Gamache wines are big on the palate | NW Wines

Roger Gamache and his brother, Bob (not pictured), founded Gamache Vinteners in 2002.                                  - Gamache Vinters / Contributed
Roger Gamache and his brother, Bob (not pictured), founded Gamache Vinteners in 2002.
— image credit: Gamache Vinters / Contributed

By Andy Perdue and Eric Degerman
Wine Press Northwest

Brothers Bob and Roger Gamache began growing wine grapes on a plateau above the Columbia River in 1982, primarily for Ste. Michelle Wine Estates. But in 2002, they decided to launch a winery — named after their family — with the help of Charlie Hoppes.

Very quickly, Gamache Vintners wines became highly acclaimed.

Roger oversees the viticulture side of the business, while Bob handles the winery, and their synergy is paying off.

Their wine was originally made at Cañon de Sol near Richland, Wash., where Hoppes made his own Fidelitas label, and the brothers opened a tasting room not far away. They’ve since relocated to a posh tasting room at the Vintners Village in the Yakima Valley town of Prosser, within walking distance of about a dozen other wineries.

The vineyard is near the town of Basin City, nearly 30 miles north of Pasco, an area long renowned for its ability to ripen quality wine grapes and other crops. Gamache’s estate vineyard is 185 acres in size, and the brothers manage another vineyard that is about 220 acres in size. Additionally, they farm 215 acres of tree fruits. Not long ago, they purchased a five-acre block on venerable Red Mountain, adjacent to Fidelitas. The block is unplanted, as the Gamaches wait for water to arrive through a project with the Kennewick Irrigation District.

Gamache sells grapes to about 20 different wineries, and about 10 percent of its grapes is used for the estate label.

Here are a few Gamache wines we’ve tasted in recent weeks. Check with your favorite wine merchant or order directly from the winery (509-786-7800).

- Gamache Vintners 2006 Estate Cabernet Sauvignon, Columbia Valley, $28. This big Cab from estate fruit is a beauty, opening with aromas of blackberries, black cherries, raspberries, mint, vanilla and pomegranates. The ample palate is dominated by ripe black fruit, including black cherries, as well as dark chocolate, blueberries and olives on the finish. The bold tannins are well integrated through the lengthy finish.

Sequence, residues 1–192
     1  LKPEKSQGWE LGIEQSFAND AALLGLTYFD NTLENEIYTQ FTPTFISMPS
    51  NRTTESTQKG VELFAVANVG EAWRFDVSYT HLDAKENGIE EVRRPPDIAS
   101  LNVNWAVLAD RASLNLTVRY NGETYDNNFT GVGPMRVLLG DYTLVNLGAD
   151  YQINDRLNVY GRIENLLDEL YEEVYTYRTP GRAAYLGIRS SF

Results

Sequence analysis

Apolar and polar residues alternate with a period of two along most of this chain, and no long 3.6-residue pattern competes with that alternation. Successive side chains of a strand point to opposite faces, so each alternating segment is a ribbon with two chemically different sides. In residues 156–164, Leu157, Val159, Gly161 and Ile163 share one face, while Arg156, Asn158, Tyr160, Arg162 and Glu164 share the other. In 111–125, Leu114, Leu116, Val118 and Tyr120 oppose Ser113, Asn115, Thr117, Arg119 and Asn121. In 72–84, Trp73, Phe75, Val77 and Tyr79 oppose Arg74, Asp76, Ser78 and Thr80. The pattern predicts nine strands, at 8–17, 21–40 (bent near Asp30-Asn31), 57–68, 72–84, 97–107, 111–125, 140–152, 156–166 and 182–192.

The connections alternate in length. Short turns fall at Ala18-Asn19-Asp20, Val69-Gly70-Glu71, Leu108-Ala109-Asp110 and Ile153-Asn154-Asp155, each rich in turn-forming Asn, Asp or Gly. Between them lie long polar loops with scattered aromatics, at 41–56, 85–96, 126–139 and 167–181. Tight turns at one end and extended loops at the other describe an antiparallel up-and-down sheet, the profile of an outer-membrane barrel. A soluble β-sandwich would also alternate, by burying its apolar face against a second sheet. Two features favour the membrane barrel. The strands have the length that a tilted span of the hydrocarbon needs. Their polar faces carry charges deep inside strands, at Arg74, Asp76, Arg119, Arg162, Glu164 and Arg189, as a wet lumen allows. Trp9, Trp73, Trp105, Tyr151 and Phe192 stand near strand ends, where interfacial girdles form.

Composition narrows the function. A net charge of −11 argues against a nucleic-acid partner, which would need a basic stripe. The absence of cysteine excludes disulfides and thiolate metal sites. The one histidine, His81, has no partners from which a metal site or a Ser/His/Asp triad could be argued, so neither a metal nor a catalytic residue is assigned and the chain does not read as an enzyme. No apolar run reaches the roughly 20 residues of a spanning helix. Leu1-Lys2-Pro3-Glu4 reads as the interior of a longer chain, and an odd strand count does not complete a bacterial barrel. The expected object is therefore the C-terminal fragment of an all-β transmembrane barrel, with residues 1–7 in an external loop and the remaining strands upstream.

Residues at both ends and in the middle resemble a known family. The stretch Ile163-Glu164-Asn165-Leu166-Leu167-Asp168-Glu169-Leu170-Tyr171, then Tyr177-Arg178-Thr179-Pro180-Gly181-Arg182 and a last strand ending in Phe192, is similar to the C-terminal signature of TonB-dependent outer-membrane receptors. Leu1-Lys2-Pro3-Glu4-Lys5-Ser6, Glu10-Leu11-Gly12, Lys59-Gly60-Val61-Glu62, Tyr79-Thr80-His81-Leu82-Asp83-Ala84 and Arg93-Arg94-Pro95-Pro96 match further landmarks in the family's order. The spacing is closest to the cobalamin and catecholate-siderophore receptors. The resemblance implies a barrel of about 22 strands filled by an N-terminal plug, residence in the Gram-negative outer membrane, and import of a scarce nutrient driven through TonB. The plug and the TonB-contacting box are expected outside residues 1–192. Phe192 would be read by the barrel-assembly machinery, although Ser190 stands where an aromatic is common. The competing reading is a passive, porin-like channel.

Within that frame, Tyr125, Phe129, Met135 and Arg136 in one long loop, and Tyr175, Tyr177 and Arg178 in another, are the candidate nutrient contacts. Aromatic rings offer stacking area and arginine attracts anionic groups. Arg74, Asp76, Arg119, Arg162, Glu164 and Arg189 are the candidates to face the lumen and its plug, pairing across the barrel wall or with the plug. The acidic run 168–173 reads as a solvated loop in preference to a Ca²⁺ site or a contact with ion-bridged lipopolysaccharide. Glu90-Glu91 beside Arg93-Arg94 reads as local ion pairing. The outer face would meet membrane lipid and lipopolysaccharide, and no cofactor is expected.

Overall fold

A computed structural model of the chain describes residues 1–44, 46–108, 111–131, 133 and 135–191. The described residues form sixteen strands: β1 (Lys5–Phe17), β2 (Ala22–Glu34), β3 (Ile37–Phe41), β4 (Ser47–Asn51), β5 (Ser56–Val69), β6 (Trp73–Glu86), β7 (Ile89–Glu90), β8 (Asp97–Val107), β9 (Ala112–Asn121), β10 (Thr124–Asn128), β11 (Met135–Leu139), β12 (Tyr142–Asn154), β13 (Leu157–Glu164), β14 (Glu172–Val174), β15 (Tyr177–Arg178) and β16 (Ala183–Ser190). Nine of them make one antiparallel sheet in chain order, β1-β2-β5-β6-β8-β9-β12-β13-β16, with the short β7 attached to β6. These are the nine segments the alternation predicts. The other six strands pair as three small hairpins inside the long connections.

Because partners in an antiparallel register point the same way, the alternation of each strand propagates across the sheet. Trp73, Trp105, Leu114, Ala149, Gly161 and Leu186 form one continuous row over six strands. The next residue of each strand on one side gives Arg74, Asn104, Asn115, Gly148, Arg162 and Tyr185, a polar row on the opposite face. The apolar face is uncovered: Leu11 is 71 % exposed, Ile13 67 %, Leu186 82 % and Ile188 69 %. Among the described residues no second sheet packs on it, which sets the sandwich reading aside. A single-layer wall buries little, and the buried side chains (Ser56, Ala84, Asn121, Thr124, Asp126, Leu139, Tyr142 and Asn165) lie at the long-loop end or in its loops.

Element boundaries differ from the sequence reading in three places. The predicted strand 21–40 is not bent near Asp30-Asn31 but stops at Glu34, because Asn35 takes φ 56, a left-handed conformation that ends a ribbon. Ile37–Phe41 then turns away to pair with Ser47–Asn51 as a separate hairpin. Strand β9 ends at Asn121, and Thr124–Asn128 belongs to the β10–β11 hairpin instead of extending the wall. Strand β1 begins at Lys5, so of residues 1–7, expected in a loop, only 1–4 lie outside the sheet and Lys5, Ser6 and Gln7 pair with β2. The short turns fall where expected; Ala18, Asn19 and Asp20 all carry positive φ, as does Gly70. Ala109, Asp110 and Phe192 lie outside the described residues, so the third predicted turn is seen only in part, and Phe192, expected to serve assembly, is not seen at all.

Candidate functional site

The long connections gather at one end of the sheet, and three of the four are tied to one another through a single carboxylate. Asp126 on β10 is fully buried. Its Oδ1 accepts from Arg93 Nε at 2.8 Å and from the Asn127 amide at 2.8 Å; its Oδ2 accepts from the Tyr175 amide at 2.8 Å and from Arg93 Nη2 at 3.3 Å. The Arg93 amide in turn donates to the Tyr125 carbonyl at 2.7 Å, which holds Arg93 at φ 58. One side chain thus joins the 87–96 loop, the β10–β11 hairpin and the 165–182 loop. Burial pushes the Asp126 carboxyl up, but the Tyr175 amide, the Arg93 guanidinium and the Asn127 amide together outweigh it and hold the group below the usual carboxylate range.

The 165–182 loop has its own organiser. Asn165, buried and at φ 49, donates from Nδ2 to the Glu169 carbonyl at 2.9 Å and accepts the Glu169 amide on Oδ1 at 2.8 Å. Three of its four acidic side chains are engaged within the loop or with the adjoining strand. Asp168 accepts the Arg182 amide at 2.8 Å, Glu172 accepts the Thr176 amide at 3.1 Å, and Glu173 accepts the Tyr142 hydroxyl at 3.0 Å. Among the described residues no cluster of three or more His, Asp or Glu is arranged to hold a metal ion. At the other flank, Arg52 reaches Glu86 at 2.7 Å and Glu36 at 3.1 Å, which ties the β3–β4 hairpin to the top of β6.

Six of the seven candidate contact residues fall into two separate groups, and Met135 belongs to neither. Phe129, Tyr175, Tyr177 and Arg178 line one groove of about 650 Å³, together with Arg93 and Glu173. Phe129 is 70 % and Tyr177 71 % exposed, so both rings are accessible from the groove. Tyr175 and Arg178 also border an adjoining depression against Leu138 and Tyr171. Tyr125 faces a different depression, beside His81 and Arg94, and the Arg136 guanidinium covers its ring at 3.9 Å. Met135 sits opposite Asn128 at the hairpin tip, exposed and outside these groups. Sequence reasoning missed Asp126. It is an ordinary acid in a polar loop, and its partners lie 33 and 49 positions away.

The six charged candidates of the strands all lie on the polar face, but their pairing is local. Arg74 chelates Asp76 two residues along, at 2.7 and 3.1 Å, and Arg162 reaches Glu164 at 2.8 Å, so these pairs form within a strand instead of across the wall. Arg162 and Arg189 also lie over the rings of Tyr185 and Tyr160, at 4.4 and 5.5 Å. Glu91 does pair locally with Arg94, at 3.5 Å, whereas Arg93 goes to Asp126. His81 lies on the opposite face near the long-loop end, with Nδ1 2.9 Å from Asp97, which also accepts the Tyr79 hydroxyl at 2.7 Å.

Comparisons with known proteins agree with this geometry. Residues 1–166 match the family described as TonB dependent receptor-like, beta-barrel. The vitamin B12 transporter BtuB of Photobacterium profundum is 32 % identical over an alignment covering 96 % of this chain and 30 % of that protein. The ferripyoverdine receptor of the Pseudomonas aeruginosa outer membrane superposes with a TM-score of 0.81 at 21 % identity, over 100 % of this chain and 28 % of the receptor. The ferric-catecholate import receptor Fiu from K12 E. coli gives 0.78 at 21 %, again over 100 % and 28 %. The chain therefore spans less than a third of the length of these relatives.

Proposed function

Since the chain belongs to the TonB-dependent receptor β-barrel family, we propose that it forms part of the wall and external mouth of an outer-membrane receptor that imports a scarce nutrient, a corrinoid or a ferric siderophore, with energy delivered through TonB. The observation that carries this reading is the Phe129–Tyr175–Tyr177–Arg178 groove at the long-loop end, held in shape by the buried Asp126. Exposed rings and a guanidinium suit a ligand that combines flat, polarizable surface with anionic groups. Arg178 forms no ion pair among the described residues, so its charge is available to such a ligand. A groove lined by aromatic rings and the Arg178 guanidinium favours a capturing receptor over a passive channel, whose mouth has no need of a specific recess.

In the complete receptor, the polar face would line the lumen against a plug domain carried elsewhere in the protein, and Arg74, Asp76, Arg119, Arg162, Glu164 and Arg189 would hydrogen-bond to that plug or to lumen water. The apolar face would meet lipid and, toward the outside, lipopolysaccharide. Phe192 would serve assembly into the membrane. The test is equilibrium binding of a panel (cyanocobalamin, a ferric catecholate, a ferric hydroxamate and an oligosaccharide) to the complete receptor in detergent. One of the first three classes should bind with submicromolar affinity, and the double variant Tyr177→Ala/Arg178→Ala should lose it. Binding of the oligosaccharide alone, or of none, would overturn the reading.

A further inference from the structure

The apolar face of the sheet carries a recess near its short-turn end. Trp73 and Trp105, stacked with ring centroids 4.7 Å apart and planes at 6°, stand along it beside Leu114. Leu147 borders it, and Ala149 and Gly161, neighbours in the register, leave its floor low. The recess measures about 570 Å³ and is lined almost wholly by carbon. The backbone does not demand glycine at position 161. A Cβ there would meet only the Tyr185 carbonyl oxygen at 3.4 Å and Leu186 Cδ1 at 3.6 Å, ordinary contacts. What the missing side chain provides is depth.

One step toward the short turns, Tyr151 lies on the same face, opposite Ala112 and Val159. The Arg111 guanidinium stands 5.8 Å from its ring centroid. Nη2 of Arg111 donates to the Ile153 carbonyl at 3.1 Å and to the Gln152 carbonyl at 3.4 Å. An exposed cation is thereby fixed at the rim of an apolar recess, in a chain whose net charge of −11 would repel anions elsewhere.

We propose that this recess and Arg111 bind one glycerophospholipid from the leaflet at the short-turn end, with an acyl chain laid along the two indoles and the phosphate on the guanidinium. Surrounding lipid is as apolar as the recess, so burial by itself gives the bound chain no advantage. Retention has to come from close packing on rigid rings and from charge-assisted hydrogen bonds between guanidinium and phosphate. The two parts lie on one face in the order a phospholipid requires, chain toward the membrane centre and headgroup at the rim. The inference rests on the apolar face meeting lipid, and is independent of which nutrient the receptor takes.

- Gamache Vintners 2006 Gamache-Champoux Vineyard Select Cabernet Sauvignon, Columbia Valley, $40. The Gamache brothers and Horse Heaven Hills grape grower Paul Champoux are family, so they combine grapes annually for this reserve-level Cabernet Sauvignon. It is loaded with dark fruit, including aromas of blackberries, black cherries and dark plums. It’s a big wine on the palate, with flavors of black cherries, plums and black pepper. Opulent tannins back all the fruit and make it approachable in its youth, though we think it also will age beautifully for the next decade or so.

- Gamache Vintners 2006 Estate Syrah, Columbia Valley, $28. This stunning Syrah opens with big, jammy aromas of ripe blackberries, dark plums, boysenberry jam and a whisper of smoke, followed by flavors of black cherries, black currants, black licorice, mineral, black tea and black pepper. The tannins and acidity do a nice job of backing up the ample fruit.

- Gamache Vintners 2007 Estate Malbec, Columbia Valley, $28. Malbec, a minor red grape in Bordeaux, has become a major force in Washington the past few years, not unlike the growth in Syrah a decade ago. This example opens with aromas of black cherries, ripe plums, pipe tobacco and cedar, followed by flavors of purple fruit such as plums and huckleberries, as well as ripe Bing cherries and black pepper. It is beautifully balanced with integrated tannins, leading to a lengthy finish.

- Gamache Vintners 2008 Estate Boulder Red, Columbia Valley, $18. This blend of Bordeaux varieties adds a splash of Syrah (8 percent). The aromas include dried Bing cherry, citrus, cedar and a bit of leafiness from the Cabernet Franc (16 percent). It’s lively and juicy on the palate with Marionberries and plums. Subdued tannins give way to a pinch of ground pepper in the finish.

— Andy Perdue and Eric Degerman are the editors of Wine Press Northwest magazine.


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